However, the distortions created by the LRET (set up as a $45 billion tax on all power consumers), and opportunities for market rorting around wind power output collapses, has clearly left Tasmania’s Minerals and Energy Council, and industry and union leaders less than amused. And rightly so. The fuel cost alone of generating electricity using diesel generators is in excess of $300 per MWh, which for energy hungry businesses like aluminium smelters means that they’re out of business, and their hundreds of well-paid workers are on the dole queue, full stop.
While the lunatics, of the kind referred to above, huffed and puffed about the tragedy of Australia’s “greenest” State being reduced to running on diesel, and ranted that the solution to its problems was ‘out there blowing in the wind’, those blessed with common sense and a grip on reality have seen Tasmania’s debacle for what it is.
Once upon a time, the wind industry, its parasites and spruikers could parade their delusions without fear of being questioned, let alone challenged, about the self-interested nonsense that they peddle. Not any more. As this pointed series of missives to The Australian’s editor makes plain enough.
Tasmania’s power crisis should galvanise change
16 March 2016
Was Hydro Tasmania milking its water supplies and using the carbon tax as a cash cow to sell energy interstate (“Fighting to keep the lights on”, 15/3)? If that’s the case, it’s hats off to enterprising Tassie. I can’t think of anyone better than the “clean green” state to emphasise, with such delicious irony, that environmentally friendly economic policy is just another way of making a fast buck.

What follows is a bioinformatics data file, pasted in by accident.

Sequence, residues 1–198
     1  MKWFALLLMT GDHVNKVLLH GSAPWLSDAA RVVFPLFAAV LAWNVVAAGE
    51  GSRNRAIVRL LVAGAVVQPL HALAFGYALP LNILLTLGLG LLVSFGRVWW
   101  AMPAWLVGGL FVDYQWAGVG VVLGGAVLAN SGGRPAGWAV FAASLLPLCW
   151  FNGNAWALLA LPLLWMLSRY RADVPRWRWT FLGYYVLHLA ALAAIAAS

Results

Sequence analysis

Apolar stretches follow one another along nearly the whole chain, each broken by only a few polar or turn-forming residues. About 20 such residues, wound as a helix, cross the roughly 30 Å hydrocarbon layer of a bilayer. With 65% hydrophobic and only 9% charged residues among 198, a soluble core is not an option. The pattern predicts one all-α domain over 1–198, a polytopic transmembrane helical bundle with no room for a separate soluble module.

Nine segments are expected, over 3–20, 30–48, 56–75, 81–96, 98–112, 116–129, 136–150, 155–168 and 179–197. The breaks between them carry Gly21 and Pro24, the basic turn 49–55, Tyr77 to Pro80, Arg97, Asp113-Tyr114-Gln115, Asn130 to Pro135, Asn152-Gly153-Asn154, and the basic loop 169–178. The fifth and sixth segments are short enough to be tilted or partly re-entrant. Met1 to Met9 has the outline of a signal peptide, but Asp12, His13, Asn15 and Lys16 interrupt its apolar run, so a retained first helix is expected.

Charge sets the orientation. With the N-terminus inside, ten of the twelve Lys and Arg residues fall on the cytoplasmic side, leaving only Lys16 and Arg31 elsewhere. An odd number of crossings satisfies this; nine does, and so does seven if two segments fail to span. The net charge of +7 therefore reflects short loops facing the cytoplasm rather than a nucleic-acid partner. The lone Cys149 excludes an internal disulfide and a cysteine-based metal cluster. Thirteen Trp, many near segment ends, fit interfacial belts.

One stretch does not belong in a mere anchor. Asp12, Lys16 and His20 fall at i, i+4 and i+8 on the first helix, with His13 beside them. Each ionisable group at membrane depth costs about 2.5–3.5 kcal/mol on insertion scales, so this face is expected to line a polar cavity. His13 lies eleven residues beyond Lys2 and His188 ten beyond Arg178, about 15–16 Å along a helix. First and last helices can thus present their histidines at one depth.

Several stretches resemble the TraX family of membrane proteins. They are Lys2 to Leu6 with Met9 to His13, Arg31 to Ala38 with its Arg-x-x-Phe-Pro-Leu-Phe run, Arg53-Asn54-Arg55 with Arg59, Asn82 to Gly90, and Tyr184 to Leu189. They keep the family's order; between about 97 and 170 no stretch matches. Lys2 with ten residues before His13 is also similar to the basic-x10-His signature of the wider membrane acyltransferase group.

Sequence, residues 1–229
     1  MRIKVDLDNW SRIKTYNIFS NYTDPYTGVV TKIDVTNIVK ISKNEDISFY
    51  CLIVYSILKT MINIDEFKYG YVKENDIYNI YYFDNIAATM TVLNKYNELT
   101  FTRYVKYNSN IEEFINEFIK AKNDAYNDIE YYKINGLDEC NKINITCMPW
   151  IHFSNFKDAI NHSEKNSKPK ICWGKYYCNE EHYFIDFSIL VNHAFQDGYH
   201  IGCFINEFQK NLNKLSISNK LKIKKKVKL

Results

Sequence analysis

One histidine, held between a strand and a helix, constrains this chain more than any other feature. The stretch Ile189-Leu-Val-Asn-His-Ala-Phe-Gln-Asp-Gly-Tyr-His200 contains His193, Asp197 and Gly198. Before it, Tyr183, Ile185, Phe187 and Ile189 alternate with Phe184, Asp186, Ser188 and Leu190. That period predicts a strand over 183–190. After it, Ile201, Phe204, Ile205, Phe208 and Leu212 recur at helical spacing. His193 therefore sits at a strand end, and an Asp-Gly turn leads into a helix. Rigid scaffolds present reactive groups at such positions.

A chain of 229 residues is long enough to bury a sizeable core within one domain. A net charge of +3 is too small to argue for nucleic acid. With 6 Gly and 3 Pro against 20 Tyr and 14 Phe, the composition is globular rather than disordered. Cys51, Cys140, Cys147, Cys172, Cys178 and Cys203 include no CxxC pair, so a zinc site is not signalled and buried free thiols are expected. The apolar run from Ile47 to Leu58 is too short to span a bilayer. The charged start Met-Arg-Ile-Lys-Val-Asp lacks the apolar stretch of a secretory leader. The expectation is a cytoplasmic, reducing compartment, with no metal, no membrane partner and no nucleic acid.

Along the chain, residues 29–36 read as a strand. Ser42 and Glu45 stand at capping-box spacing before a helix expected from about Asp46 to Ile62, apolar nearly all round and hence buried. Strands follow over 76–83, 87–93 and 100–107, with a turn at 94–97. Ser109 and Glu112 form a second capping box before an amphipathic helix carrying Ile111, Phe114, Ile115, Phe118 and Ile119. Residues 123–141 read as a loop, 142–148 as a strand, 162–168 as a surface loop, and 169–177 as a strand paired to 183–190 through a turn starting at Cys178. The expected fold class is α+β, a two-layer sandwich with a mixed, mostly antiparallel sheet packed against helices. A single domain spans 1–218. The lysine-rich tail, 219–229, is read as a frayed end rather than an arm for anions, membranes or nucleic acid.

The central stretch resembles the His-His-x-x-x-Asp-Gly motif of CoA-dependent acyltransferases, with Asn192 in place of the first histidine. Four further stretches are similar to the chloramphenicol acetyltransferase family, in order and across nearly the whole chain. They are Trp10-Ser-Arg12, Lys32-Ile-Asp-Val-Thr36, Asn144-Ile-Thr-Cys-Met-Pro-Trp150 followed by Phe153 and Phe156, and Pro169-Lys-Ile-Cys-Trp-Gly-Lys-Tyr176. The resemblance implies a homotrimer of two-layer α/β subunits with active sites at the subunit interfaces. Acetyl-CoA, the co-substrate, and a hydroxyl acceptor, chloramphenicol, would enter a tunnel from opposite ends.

John Skaro, Malvern, Vic
Yesterday’s Inquirer piece overlooked the fact that the current Tasmanian energy crisis is the inevitable outcome of 30 years of green policies. It is also the height of hypocrisy for people who have opposed investment in new coal, gas, hydro or nuclear power to now criticise electricity shortages. For too long now, policymakers throughout the western world have used electricity networks to pursue political and environmental goals rather than simply supply affordable, reliable and safe power.
In Australia, Europe and North America, investment in fossil fuel or nuclear generation has been discouraged, with preference given to wind, solar, or more interconnectors. The result has been the destruction of market price signals, higher costs, and decreased reliability. South Australia and Tasmania are now paying the price. Instead of lobbying for another interconnector, the Tasmanian government should back self-reliance, bite the bullet, build a new power station, and send the bill to the Greens.
Brett Hogan, Institute of Public Affairs, Melbourne, Vic
Tasmania requires an extra 100 MW of “dirty” electric power from diesel generators to cover for the unavailability of interstate power via Basslink. Surprisingly, among the “wealth” of hindsight on offer no mention has been made of the 100 MW of environmentally friendly power that would have been continuously fed to the state grid had the pulp mill been built.